Dionne Condor-Farrell is an award-winning Senior Developer at Transport for London (TFL) who has been enhancing and digitally transforming Greater London for over 15 years. A whiz at Android app development and Java and open source technologies, Dionne has profound experience in developing a variety of bespoke services for the nation’s public transport, education, and employment sectors. 

A part-time Tech Coach, Dionne also uses her leadership skills to champion diversity in tech outside of her 9-5. She is a member of TFL’s Women in Tech Committee where she raises awareness of tech as a viable career for women and is a Co-founder of UKBlackTech, an innovation group striving to make the UK the most ethnically diverse tech ecosystem. 

Dawn Duhaney

A key contributor to conversations about data bias and the role of people of colour in Artificial Intelligence ethics, Dawn Duhaney is set to keep the tech industry on its toes when it comes to inequality and discrimination. A former Consultant who heavily informed global data policy at the Open Data Institute, and the current Product/Partnerships Manager at Wellcome Trust Data Labs, Dawn’s dedication to further her expertise in data, community building, and policy making is second to none. 

Yet, that’s not all she’s passionate about. When she’s not calling for the need for a wider cultural change towards inclusivity in big tech companies, Dawn is collaborating with data scientists and academia to better the way data is used in the health sector

June Angelides MBE

Awarded an MBE for services to women in technology in October 2020; editor’s choice winner of BAE Systems’ WeAreTechWomen’s 2020 Tech Women 100 Awards; hailed in the Financial Times as one of the most influential BAME women tech leaders in 2018, June Angelides MBE has a long history and an on-going list of accomplishments in tech.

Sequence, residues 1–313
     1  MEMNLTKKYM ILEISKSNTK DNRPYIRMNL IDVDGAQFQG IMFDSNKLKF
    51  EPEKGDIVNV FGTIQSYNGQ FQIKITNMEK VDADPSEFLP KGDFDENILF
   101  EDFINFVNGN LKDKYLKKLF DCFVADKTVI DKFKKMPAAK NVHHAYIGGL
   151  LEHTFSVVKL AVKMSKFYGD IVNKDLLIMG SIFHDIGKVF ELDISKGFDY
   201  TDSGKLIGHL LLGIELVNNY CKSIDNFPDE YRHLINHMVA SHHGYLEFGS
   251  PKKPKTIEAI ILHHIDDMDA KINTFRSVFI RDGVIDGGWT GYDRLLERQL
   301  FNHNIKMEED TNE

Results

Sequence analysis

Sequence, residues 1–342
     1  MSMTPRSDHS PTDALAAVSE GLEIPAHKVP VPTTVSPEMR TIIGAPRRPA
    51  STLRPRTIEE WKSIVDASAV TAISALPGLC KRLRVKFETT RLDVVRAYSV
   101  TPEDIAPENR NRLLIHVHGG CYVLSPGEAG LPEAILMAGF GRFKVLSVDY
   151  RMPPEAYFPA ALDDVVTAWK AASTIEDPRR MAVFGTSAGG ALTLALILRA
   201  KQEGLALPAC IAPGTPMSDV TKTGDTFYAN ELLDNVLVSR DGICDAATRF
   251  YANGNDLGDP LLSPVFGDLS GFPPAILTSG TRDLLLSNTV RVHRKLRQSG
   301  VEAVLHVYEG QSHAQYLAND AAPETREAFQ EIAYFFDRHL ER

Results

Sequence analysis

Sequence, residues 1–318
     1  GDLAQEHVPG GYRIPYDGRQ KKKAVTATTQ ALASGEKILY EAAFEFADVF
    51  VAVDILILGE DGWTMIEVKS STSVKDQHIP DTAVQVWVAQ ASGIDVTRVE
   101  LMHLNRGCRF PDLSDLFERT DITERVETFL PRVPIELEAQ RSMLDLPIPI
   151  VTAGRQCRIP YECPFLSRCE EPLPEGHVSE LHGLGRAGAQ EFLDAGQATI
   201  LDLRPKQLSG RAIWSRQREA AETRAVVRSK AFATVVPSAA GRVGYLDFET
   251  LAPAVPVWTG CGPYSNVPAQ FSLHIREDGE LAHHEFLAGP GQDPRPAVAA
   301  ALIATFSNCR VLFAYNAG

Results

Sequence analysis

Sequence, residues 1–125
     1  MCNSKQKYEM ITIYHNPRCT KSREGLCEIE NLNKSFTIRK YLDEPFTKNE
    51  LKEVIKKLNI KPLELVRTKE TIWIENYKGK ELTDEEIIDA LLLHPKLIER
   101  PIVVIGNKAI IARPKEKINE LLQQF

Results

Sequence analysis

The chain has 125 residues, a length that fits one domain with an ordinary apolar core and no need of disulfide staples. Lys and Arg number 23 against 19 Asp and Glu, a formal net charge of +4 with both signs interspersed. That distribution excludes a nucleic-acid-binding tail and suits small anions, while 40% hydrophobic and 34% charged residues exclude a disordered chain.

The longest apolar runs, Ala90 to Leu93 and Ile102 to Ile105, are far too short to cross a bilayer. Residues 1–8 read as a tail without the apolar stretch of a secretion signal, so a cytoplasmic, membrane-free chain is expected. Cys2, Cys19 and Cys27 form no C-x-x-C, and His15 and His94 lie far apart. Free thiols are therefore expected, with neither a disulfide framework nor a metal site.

Most recognised for her early-stage tech investor work with Mums in Technology - the UK’s first child-friendly digital coding school for mums, June’s time is, at present, split between being an investor at Samos Investments and a mentor, board advisor, and an honorary fellow for many prestigious tech institutions. Her most noteworthy fellowship is at the Institution of Engineering and Technology. 

Lola Odelola

The perfect example of a ‘non-techies journey to tech success’, Lola Odelola fell into the IT industry and made a very impactful mark. An English Literature and Creative Writing graduate-turned tech enthusiast and, most notably, the mother of the not-for-profit company blackgirl.tech, Lola is a tireless campaigner for diversity and representation in the industry. 

In her pursuit to create a safe space for black girls, non-binary people, and women to learn and explore technology through free workshops, scholarships, and internships, Lola created blackgirl.tech. In its five-year operation, it has helped over 300 people. Now a Developer Advocate at Samsung Electronics and the creator of a well-known audio journal about her experiences as a black woman in tech, Lola continues to educate the nation. 

Abadesi Osunsade

Described in her Twitter bio as a ‘busy bee’, Abadesi Osunsade is a multi-talented woman on a mission. As a CEO, content creator, public speaker, author, and VP Global Community & Belonging at Brandwatch, there is no doubt that she likes to have her finger in many pies. 

However, the one aspect that ties Abadesi’s diverse professional portfolio together is her objective to make tech more inclusive. From her inclusivity-empowering social enterprise, Hustle Crew, to her career advice book Dream Big. Hustle Hard. A Millenial Woman’s Guide to Success in Tech and her co-host position on a podcast about the intersection of tech and culture, Abadesi is challenging the tech status-quo by fighting against bias and inequality at every level. 

Charlene Hunter

Known for her ongoing commitment to boosting the number of black women developers in the UK, Charlene Hunter has definitely made a name for herself as a tech pioneer. Her acclaimed non-profit organisation, Coding Black Females, seeks to support and provide opportunities for black women coders who have been in the industry for five minutes or five years through the help of educational events, programmes, and bootcamps.

Creating her first line of code at the age of 10; studying Computer Science at a higher academic level; Charlene has extensive knowledge in tech, namely in developing. Currently the Lead Software Engineer at Made Tech, Charlene looks after the company’s ‘kickstart your career in software’ programme.